Recently, I received an email from a favorite online store of mine, warning me that my order is on hold and that I need to call American Express to authenticate and validate the charge. In the email I was provided a phone number and a case number. It was presumably for a real order I had placed — so I called.
Then things got real weird. Once I phoned the provided number, I was greeted with an automated touch-tone system asking me to key in my credit card number. It sounded fake. When I call American Express, I expect their automated phone tree systems to use professional voice talent and not the customer service manager’s voice (not that it was — I don’t know). Now, being the paranoid guy I am, I didn’t enter my credit card number as requested. Instead, I hit 0 or # or whatever to get to a real operator. After a few minutes of speaking to the fraud prevention representative, the charge was approved and the retailer notified.
Now I do like the fact that American Express flags potential fraudulent transactions. And I do like that my retailer immediately notified me that the order was on hold. But I think they go about it all wrong and that it’s just a big phishing scam waiting to happen.
Imagine this: an email lands in your inbox saying that a recent purchase at Amazon.com has been put on hold for approval by your credit card company. Like the email I received, you are provided with a phone number and case number. You call this phone number and when prompted you enter in your credit card number, expiration, and CV2 code. You then enter in the case number. Finally, the automated system asks you to approve or disapprove the charge in question for the case number you provided. Since you had recently made an Amazon.com purchase, you say yes. You hang up thinking all is well and good.
Here’s what really happened: some clever person in a far-off country has signed up for an 800 number VoIP service. They’ve got their VoIP service set up to terminate on an Asterisk box they have at their house or ISP or wherever. They’ve also gone through the trouble of setting up an automated voice prompting script that asks callers to key in their credit card number, CV2, and expiration date. In other words, they’ve created a "spoof" automated fraud prevention system much like American Express currently uses. Too expensive to pull off, you might think? Not if you consider that VoIP is dirt cheap, and Asterisk is free. I can’t imagine it would be too hard to obtain VoIP service using a stolen credit card, either. The last part of the equation is spamming the world with a fake "fraud alert" email purporting to be from a major retailer like Amazon (much like the legit one I received). The likelihood that this phishing email will arrive in the mailbox of someone who has recently bought something at Amazon is quite high. I’m sure there are a handful of other vendors that have significant online sales volume, too — they would certainly be just as vulnerable to this sort of phishing attack.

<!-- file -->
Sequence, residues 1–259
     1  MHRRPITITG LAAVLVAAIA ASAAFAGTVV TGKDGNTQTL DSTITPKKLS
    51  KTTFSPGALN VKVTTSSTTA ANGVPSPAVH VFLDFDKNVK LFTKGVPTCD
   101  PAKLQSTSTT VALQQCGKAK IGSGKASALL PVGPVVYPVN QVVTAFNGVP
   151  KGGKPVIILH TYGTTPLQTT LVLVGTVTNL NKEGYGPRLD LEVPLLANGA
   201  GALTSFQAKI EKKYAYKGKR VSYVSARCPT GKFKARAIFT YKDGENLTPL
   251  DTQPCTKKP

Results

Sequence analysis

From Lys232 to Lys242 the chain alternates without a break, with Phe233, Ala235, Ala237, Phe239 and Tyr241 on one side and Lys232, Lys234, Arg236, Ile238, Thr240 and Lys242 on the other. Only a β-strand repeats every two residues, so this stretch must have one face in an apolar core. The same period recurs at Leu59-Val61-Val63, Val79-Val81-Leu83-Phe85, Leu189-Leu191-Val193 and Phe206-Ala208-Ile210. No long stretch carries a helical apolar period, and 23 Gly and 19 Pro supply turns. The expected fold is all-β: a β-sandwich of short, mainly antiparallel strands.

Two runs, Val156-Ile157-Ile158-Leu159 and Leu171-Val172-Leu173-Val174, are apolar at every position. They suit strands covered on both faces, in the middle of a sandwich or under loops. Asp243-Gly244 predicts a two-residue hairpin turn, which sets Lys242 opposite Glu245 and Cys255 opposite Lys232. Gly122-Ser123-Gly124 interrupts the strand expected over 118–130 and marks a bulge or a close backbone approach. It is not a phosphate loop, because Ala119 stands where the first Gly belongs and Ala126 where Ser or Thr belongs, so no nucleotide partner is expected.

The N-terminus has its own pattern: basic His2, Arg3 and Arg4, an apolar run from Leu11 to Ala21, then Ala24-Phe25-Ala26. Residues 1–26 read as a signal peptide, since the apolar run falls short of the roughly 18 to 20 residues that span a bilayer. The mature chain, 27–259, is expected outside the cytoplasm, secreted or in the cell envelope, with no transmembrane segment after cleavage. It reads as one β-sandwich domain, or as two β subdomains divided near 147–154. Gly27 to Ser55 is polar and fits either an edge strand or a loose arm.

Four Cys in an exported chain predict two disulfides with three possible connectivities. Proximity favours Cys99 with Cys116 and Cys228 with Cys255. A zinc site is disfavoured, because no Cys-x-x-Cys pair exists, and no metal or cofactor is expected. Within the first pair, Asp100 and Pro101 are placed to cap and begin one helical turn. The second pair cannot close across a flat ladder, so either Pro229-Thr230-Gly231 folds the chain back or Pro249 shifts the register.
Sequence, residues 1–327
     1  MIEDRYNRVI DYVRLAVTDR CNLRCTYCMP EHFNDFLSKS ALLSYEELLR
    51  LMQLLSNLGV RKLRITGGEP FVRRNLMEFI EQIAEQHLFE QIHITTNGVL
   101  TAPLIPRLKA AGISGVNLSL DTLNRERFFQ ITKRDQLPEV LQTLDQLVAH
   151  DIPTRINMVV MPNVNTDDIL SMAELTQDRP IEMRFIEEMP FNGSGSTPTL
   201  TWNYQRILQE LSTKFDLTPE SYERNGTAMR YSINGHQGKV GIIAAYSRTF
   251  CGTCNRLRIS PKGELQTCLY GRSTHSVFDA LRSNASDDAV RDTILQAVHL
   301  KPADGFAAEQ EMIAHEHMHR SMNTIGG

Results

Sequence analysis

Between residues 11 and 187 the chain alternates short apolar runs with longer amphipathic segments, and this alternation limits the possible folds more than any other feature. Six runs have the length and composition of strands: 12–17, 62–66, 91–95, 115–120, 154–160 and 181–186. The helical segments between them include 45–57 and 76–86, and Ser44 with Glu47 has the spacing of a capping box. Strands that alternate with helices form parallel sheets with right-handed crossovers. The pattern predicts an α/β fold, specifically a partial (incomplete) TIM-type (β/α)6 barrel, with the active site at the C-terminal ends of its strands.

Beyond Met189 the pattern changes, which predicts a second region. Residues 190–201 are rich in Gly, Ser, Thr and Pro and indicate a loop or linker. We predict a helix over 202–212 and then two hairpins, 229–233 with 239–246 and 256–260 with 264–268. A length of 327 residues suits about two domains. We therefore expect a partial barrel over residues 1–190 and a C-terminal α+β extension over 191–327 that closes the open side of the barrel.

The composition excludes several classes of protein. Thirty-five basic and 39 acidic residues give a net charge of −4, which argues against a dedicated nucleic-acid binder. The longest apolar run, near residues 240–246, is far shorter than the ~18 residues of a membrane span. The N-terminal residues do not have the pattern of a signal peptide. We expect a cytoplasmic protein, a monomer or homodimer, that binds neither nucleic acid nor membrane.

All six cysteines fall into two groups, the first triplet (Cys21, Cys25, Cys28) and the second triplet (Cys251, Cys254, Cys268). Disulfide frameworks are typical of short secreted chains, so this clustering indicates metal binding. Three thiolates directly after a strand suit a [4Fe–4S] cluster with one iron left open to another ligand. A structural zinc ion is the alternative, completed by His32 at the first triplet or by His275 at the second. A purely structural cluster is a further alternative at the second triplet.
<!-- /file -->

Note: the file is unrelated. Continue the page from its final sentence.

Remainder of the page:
The point of this blog post, though, is not to spell out some great new way for hackers to rip off more unsuspecting people. Rather, this whole experience stopped to make me think about just how massive a problem phishing could turn into. I no longer think of phishing as just some dumb email trick that tries to fool me into going to a (usually) fake-looking web site. I fully expect next generation attacks to incorporate "offline" methods for scamming card numbers out of unsuspecting consumers. While black listing or flagging phishing web sites is one small step towards solving the problem, I believe the real solution is stopping the email scams from ever arriving.
If anything, this is just another sign that the Internet email system is in need of an overhaul. In our current legacy email system, there’s no "built-in" way to know that some email is really who it says it is from. And until a sender verification method like Sender Policy Framework (SPF) is adopted, Internet users will continue to receive progressively more sophisticated phish emails.
In the meantime, what can you do?
- Do not click links in emails from ecommerce sites. Directly type the URL into your browser’s address bar.
- Do not give out personal information to people who call you. This is an illegal practice the Federal Trade Commission calls "pretexting."
- Only give out information to phone representatives that you have telephoned, using phone numbers from official sources (such as the website that you typed in or correspondence that you know is official). The Department of Justice has more information about telemarketing fraud.